Syl Johnson’s 1968 raver “Different Strokes” has been sampled by a lot of people. J Dilla, Mantronix, KRS-One, Michael Jackson, Wu Tang Clan, De La Soul, NWA, EPMD, Eric B & Rakim, Public Enemy, Kanye West, Jay-Z and countless others. It’s been, if anything, oversampled and should probably be given a rest, if not a proper burial. But here, in the hands of Martin Rev, “Different Strokes” becomes something else entirely, a flabby, pulsating, gurgling—but still funkier than neckbone—backing track for one of Vega’s wildest lyrics. The ULTRA LOW frequency sampled bass line turned my car into a bouncing lowrider and the speakers strained to keep up with it. Who the hell released a song with this much bottom end in 2002? Who had the subwoofer big enough to accommodate such a sound back then?
 
Continues after the jump…

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Posted by Richard Metzger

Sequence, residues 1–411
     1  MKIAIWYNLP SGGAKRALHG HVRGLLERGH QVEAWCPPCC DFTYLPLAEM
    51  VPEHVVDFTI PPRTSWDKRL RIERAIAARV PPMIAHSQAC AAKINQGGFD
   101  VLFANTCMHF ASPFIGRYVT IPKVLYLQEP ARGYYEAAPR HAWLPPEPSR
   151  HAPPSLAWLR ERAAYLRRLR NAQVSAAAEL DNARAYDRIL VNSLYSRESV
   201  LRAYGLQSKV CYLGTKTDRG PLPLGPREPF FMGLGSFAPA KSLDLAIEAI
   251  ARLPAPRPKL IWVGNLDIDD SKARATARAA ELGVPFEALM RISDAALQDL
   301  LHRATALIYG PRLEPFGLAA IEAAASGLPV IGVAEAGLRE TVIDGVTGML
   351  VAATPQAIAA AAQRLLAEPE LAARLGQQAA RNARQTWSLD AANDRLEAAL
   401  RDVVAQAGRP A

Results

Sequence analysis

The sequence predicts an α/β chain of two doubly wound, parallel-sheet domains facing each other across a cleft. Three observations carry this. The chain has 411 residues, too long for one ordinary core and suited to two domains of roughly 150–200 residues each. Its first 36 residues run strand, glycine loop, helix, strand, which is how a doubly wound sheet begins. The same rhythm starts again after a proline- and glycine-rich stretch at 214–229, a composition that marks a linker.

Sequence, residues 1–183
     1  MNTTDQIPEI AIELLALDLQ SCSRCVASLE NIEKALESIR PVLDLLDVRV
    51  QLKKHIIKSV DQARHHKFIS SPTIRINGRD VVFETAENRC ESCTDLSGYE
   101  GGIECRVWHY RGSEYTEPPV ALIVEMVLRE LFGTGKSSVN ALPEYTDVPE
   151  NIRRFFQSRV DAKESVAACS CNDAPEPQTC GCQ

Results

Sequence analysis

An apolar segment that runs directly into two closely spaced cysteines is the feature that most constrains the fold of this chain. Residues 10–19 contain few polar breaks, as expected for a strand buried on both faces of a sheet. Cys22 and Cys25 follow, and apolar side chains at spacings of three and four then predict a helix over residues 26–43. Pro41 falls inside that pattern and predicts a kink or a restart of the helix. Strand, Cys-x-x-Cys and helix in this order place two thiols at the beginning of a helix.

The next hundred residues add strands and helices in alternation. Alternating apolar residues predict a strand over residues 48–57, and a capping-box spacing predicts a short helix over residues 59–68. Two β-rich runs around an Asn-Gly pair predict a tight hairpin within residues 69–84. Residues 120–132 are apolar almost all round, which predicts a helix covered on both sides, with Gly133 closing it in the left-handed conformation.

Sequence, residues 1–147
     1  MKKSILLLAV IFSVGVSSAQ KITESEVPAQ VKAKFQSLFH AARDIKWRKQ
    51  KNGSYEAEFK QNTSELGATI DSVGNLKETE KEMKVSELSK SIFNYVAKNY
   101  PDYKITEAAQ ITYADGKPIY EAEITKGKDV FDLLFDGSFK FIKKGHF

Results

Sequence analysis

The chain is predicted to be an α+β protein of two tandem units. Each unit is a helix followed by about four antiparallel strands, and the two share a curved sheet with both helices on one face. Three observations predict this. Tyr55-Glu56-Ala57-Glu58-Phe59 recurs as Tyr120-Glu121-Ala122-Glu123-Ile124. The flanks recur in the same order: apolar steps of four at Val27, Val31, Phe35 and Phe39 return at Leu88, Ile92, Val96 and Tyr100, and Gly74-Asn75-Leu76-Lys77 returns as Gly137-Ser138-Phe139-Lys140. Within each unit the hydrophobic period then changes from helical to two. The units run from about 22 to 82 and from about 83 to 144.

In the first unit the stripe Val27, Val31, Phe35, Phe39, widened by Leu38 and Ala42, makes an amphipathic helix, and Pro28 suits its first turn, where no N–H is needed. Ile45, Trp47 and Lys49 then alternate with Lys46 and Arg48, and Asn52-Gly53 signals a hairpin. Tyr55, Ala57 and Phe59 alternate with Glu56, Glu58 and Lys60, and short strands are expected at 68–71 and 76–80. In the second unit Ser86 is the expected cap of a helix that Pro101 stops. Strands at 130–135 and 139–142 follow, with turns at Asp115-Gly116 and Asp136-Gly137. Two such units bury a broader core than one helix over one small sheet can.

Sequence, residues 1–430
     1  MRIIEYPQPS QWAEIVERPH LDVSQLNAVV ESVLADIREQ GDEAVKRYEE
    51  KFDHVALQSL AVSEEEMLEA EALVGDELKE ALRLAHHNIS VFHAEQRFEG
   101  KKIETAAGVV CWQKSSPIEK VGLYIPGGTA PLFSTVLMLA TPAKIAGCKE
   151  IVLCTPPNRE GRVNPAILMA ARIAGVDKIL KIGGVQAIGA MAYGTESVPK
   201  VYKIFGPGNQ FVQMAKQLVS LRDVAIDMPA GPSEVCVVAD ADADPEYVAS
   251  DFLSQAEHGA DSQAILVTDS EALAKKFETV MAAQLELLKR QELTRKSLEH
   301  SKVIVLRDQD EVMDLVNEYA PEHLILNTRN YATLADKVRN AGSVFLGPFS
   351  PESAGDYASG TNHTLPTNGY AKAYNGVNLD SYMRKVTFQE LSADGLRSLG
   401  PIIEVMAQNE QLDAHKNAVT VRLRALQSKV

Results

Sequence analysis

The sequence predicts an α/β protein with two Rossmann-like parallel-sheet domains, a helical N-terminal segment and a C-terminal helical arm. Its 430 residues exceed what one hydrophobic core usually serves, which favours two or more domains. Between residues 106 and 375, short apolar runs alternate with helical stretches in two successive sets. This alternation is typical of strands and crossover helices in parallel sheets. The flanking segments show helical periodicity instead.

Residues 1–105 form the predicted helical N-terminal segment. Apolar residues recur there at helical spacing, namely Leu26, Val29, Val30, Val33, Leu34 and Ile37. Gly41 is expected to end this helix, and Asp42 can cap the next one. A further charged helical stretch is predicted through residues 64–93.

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01.04.2019
08:11 am
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Nirvana covering an aria from an 1875 opera
01.04.2019
08:04 am
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Nirvana 1
 
Wait, Nirvana covered an aria from an opera?! That was my reaction when I learned that it indeed happened, and on more than one occasion. Often unrecognized and misidentified on circulating recordings, since fans of Nirvana—and I include myself in this group—generally aren’t into 19th century classical works. But apparently the band was.

“L’amour est un Oiseau Rebelle” or simply “Habanera,” is an aria in Georges Bizet’s 1875 opera, Carmen. The piece comes in act 1, and functions as an introduction to the Carmen character. The English translation of “L’amour est un Oiseau Rebelle” is “Love is a Rebellious Bird,” and the lyrics address the wild, untamed nature of love.

An interpretation by legendary vocalist Maria Callas recently gained some attention, as it was featured during a scene in the popular biopic, Bohemian Rhapsody.
 

 
Nirvana played “L’amour est un Oiseau Rebelle” now and then, with a just a handful of identified airings (no studio recording exists, as far as we know). It was something they’d jam on, usually acting as a kind of informal show opener. And, no, Kurt Cobain didn’t get his Pavarotti on—it was performed instrumentally.

Carmen is one of the most popular operas, but it’s unclear how the song came into the band’s orbit, exactly.